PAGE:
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Every saint has a past, every sinner has a future


The European Commission published yesterday the results of its in-depth reviews (IDRs) to assess the existence of macroeconomic imbalances in EU Member States. The IDRs are based on a scoreboard of indicators, which includes macroeconomic variables such as the external accounts, savings and investment balances, effective exchange rates, export market shares, cost- and non-cost competitiveness, productivity, private and public debt, housing prices, credit flows, financial systems, unemployment and so on. The exercise is part of the recently introduced Macroeconomic Imbalance Procedure (MIP) which, together with the strengthened Stability and Growth Pact (SGP), forms the basis of the reinforced European framework for economic governance.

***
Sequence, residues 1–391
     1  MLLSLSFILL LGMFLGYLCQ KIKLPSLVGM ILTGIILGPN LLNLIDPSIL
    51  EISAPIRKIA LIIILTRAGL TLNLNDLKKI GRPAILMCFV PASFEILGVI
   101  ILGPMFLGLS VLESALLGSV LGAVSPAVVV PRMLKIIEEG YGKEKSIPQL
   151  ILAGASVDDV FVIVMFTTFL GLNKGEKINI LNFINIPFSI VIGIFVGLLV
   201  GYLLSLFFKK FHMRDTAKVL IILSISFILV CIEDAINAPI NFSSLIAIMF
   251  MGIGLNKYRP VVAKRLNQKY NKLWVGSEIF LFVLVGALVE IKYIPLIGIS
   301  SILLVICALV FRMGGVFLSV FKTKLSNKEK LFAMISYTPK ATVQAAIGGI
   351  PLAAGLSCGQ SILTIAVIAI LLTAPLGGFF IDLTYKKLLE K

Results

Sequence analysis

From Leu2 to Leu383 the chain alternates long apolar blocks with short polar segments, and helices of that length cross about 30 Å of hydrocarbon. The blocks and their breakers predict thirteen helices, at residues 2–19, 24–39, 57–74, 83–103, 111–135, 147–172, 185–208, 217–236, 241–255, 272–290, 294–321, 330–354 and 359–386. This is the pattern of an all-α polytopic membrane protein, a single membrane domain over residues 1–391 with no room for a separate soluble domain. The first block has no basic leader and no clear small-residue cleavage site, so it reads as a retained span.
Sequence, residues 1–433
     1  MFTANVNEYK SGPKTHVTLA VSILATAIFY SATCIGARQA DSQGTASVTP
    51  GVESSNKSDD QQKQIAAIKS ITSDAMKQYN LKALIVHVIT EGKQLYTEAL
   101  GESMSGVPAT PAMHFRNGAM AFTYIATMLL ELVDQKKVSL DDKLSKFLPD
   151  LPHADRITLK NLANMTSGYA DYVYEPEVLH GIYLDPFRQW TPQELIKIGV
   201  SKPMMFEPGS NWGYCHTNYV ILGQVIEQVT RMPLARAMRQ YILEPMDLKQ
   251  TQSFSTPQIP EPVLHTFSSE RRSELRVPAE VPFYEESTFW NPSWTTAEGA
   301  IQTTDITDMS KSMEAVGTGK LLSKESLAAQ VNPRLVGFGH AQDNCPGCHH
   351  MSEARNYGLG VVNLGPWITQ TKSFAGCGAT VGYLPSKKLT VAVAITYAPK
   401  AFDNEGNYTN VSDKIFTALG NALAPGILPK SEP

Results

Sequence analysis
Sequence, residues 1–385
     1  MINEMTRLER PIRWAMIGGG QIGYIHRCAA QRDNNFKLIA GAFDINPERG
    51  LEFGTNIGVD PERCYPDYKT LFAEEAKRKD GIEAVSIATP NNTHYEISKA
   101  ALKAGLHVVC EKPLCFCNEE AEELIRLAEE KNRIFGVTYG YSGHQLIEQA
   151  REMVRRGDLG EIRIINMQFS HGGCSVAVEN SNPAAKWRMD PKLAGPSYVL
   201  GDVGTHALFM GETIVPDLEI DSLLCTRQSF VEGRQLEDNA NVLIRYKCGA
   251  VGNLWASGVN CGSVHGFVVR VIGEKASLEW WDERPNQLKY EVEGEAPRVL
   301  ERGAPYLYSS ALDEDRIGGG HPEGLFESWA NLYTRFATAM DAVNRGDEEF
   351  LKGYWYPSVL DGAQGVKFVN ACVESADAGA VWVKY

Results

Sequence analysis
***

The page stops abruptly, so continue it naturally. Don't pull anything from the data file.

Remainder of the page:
In particular, the MIP was born to remedy the absence of a mechanism to monitor and tackle the development of macroeconomic imbalances of non-fiscal nature, after the recognition that the latter played a major role in the build up and amplification of the euro crisis. This year’s in-depth reviews identified the existence of imbalances in 14 out of the 17 EU countries reviewed, i.e. Belgium, Bulgaria, Germany, Ireland, Spain, France, Croatia, Italy, Hungary, Netherlands, Slovenia, Finland, Sweden, and the United Kingdom. In particular, Croatia, Italy and Slovenia are found to be experiencing excessive imbalances. In Spain, were imbalances had been classified as “excessive” in 2013, the Commission finds that “significant adjustment has taken place over the last year and […] on current trends, imbalances will continue to abate over time”. As a consequence, Spanish imbalances are no longer considered to be excessive in the sense of the MIP, although “substantial risks are still present” (for a more accurate description of the red flags that were raised in the past years, see table in the appendix).

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Tratto da www.bruegel.org